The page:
Mahatma Gandhi and Sarojini Naidu via Wikimedia

Sarojini Naidu also fondly known as the Nightingale of India was a prolific writer and poet. She was president of the Indian National Congress and was an outstanding leader campaigning and leading from the front in the Civil Disobedience Movement and Salt Satyagraha.

Annie Beasant via Wikimedia

Annie Besant was elected the president of the Indian National Congress and launched the Home Rule Movement. A reformer, labor organizer and strike leader, Annie Besant was also actively involved in educational activities setting up schools and colleges.

Madam Cama via Wikimedia

Madam Cama or Bhikaji Cama exiled in Europe was a social worker and a strong nationalist. She unfurled the flag of Indian Independence in Stuttgart Germany along with a powerful speech advocating the right to freedom.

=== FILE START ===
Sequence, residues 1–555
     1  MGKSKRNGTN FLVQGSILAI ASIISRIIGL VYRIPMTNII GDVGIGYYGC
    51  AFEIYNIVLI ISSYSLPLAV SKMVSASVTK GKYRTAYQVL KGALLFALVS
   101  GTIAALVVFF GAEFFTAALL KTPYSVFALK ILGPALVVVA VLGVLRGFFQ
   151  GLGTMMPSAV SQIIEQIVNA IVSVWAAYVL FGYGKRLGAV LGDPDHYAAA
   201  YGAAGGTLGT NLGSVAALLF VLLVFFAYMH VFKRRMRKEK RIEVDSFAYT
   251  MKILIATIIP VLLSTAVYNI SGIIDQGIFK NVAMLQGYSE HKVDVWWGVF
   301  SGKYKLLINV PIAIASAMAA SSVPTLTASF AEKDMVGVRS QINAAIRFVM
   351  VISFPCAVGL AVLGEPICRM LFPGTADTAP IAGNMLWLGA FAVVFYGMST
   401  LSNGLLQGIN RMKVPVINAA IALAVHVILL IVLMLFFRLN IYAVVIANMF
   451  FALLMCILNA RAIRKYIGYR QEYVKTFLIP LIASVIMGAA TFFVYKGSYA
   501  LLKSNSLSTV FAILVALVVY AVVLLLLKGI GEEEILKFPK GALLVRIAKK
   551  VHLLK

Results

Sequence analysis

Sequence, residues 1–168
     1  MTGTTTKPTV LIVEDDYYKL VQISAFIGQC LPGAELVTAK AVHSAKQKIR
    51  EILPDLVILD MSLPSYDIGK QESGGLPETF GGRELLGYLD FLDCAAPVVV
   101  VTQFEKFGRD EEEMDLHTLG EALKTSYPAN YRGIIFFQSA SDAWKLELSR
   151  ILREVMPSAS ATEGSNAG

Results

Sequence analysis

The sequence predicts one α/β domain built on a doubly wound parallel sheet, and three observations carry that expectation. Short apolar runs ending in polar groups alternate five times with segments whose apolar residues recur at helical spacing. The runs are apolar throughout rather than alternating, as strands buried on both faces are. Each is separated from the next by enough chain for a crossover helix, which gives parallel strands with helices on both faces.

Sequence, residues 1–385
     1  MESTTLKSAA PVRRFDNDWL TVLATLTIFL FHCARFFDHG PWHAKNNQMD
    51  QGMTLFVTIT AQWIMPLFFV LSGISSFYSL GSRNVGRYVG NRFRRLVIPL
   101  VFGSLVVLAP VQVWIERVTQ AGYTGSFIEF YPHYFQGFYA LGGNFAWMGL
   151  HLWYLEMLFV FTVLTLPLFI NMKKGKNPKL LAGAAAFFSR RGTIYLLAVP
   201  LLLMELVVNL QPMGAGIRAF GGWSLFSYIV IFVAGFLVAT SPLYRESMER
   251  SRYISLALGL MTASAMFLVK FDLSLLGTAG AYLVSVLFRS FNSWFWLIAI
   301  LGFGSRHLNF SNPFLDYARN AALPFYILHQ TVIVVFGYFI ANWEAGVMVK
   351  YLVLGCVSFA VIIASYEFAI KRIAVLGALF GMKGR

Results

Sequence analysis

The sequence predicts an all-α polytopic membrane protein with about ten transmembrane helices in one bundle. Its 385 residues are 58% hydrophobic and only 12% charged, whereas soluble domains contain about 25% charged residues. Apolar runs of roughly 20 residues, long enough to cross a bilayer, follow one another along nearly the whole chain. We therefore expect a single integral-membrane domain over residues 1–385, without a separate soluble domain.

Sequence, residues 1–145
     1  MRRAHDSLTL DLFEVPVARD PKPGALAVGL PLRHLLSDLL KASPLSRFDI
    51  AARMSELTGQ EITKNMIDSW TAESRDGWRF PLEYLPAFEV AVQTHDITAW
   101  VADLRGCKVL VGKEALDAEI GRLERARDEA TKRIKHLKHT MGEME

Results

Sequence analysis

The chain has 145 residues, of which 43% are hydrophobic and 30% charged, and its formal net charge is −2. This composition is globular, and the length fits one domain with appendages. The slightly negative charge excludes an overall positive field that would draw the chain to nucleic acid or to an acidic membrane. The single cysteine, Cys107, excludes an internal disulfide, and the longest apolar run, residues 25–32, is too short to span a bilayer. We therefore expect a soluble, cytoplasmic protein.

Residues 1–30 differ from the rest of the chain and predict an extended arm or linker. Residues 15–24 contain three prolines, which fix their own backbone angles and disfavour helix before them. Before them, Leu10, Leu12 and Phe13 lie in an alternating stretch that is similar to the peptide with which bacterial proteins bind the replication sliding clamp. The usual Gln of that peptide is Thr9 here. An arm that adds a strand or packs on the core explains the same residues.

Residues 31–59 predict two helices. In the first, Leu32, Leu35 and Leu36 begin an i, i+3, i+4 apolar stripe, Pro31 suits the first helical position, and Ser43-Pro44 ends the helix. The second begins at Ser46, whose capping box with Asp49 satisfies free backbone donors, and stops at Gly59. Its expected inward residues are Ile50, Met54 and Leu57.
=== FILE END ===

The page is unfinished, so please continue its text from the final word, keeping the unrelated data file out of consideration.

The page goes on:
Kamala Nehru – via

Kamala Nehru was in the forefront of the Non – Corporation Movement and organized women in picketing shops selling foreign liquor and cloth. However, when her husband Jawaharlal Nehru was arrested for delivering a speech deemed as ‘seditious’ by the British, she went in his place to deliver it.

Vijaya Lakshmi Pandit via

Vijay Lakshmi Pandit the first women to become the president of the United Nations General Assembly was arrested multiple times for her involvement in the Civil Disobedience Movement.

Aruna Asaf Ali via

Aruna Asaf Ali played a pivotal role in the Quit India Movement unfurling the flag in Bombay to signify the start of the movement. She edited ‘Inquilab’ a monthly journal of the Indian National Congress and was awarded the highest civilian award the Bharat Ratna.